Is there anything more romantic than the Carnival of Venice? Seeing all those colorful masks, extravagant costumes, and beautiful dances against the ornate backdrop of Venice is simply magical. No wonder so many people want to witness it in real life. Or even experience it for themselves. But before that, why not learn more about the Carnival of Venice? For example, did you know that this event has a religious background? Or that masks aren’t supposed to speak? These are just some of the most fascinating facts about the Carnival of Venice.
The Carnival has a Religious Background
With all its colorful frivolity, who would've ever thought that the Carnival of Venice
has religious connections? The event isn't just set around February for nothing. It actually has a connection to the Lenten season in Christianity. The name “carnival” translates to “Carne, Vale!
” in Italian which means “meat goodbye.” This refers to the tradition of abstaining from eating meat during Lent. As such, the carnival is an event held right before the Lenten season where Venetians (and visitors) get to indulge in meat and all sorts of fantastical whims.
Anonymity is The Name of The Game
The tradition of wearing masks during the Carnival of Venice isn't just for fun. As Venice is a pretty cloistered city that used to be dominated by merchants and Italian nobility, everyone practically knew each other. The event served as a way for people to have fun while hiding behind their masks. It even blurred the social barriers between classes, allowing people to interact and even network with each other without knowing anything about the other person.
Masks Aren't Supposed To Speak
Typically, attendees don't speak when they wear masks during the Venice Carnival. At most, they can only whisper if they wish to communicate something. But for the most part, interacting with others require gestures and movements. Saying hello is replaced with nods, bows, and curtsies while extending hands often serves as an invitation to dance. This tradition of unique social customs
continues to this day, which means that if a masked stranger bows to you, they're simply greeting you. It's not an invitation to speak with them.
Work Used to Be Banned During The Carnival
Since Venice used to be a merchant city, you can bet that there were a ton of workaholics here back then. There are probably many there now too. But when the Carnival of Venice comes, these same workaholics aren't allowed to work at all. There used to be a rule that no one, be they rich merchants or drivers of gondolas
, was allowed to work during the carnival. This event was and still is all about having fun, after all. It came to a point that if anyone was caught working during the carnival, they could be arrested and taken to church. Once there, they'll have to... drink wine and have fun, of course!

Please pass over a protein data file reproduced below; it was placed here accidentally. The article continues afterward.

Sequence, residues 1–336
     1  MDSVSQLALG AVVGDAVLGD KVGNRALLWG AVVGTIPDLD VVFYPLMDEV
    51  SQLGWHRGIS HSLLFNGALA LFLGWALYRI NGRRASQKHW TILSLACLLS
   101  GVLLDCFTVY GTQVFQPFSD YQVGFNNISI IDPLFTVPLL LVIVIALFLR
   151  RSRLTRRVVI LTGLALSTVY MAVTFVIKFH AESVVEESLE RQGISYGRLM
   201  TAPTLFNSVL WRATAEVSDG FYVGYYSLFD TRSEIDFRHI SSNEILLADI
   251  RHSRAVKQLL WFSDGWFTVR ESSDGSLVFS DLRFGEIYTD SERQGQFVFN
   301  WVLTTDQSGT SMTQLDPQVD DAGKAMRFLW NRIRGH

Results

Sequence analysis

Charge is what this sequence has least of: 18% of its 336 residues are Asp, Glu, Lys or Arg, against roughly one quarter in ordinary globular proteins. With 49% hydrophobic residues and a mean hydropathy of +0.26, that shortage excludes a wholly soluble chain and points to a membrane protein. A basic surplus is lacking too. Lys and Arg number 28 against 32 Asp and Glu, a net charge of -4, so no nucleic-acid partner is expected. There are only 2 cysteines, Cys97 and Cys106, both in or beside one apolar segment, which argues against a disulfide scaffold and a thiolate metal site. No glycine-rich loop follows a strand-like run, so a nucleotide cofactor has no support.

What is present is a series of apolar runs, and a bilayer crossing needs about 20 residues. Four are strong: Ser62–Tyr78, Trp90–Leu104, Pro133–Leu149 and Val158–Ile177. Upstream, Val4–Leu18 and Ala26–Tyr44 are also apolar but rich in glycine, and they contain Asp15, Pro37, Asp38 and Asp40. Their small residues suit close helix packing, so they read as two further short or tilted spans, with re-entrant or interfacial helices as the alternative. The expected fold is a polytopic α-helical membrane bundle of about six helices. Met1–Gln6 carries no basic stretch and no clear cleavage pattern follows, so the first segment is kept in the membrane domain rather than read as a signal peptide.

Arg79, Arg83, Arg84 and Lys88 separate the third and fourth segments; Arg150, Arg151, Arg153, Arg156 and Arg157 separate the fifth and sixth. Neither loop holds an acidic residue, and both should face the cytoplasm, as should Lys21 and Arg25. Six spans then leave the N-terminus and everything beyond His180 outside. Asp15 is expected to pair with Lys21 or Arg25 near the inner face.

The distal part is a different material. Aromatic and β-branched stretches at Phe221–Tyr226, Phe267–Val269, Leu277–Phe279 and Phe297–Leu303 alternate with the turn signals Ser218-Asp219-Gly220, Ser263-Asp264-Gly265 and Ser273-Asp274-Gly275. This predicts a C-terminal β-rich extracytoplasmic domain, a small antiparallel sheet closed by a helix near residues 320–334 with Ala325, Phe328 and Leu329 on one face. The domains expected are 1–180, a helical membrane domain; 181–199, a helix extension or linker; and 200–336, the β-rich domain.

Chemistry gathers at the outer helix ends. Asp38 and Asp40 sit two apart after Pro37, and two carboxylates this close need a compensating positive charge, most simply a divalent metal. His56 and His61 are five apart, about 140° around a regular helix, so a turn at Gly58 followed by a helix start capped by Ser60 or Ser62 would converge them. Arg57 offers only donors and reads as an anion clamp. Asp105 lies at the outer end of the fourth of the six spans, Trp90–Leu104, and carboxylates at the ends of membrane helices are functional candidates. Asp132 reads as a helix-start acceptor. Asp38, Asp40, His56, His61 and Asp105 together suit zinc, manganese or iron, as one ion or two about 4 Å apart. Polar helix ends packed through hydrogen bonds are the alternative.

The Event Stopped For A While
Although the Venice Carnival is considered a timeless tradition, there was actually a time when it stopped. And it was for 200 years at that! At the time that Napoleon Bonaparte conquered Italy, he banned the Carnival of Venice as a way to eradicate Italian culture and show the dominance of French influences during this reign. And this actually persisted up until 1979, when carnival returned and became the extravagant event that it is today.
The Plague Doctor Mask is Based on A Real Doctor
One of the more famous—or infamous—masks during the Carnival of Venice is the “Plague Doctor.” This rather sinister-looking mask features a long beak and buggy eyes. One look is enough to terrify even adults! And what's so wild about it is that it's actually based on a real thing! Back in the 16th century, a deadly plague ravaged all throughout Venice
and the rest of Europe. Real doctors had to don masks these scary masks as a way to protect themselves while they treated patients.
The “Flight of The Angel” Really Happened
“The Flight of The Angel” is a Carnival of Venice tradition where an acrobat travels to the top of St. Mark's Bell Tower on a tightrope. It's actually what starts the carnival every year. And unbeknownst to many, this tradition is based on an incident that happened back in the 16th century. At the time, a Turkish funambulist climbed all the way to the top of the bell tower and descended from it to the rapturous applause of the crown on Piazza San Marco. Nowadays, however, people just zipline to and from the tower.
Traditional Sweets are Always Served
Since the Venice Carnival involves wearing beautiful masks, you'd think that food would be the last thing on people's minds, right? Well, that's not exactly the case! During this time, Venetians serve and enjoy a few traditional Italian treats
. A frittelle is a soft fried dough ball, sort of like a Munchkin donut, topped with raisins or pine nuts and sometimes filled with custard too. The galani, on the other hand, is a fried puff pastry sprinkled with powdered sugar.
Tourists are Welcome to Join The Fun
Many seem to think that only Venetians are allowed to experience the splendor of the Venice Carnival, but that's not true! Tourists, be they foreign or Italian, are welcome to join in on all the fun too! Perhaps it's because the extravagance of the event is a little too much, especially for first-timers in Venice, that visitors choose to just be spectators for the time being. But make no mistake, if you want to dress up and get lost in all the opulent magic, you can!
The Carnival of Venice is a lot more fascinating than you probably realize. Beyond the colorful masks and fabulous costumes are a few facts that will blow your mind. You'll never see this iconic event in the same light again!